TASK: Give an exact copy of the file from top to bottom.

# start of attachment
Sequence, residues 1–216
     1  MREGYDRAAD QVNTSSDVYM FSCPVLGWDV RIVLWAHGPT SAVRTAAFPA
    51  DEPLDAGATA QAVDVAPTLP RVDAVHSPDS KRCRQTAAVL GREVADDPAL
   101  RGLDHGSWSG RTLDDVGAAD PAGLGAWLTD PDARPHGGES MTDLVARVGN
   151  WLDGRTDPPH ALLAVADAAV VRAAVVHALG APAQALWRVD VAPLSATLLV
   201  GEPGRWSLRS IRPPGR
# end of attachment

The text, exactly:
Sequence, residues 1–216
     1  MREGYDRAAD QVNTSSDVYM FSCPVLGWDV RIVLWAHGPT SAVRTAAFPA
    51  DEPLDAGATA QAVDVAPTLP RVDAVHSPDS KRCRQTAAVL GREVADDPAL
   101  RGLDHGSWSG RTLDDVGAAD PAGLGAWLTD PDARPHGGES MTDLVARVGN
   151  WLDGRTDPPH ALLAVADAAV VRAAVVHALG APAQALWRVD VAPLSATLLV
   201  GEPGRWSLRS IRPPGR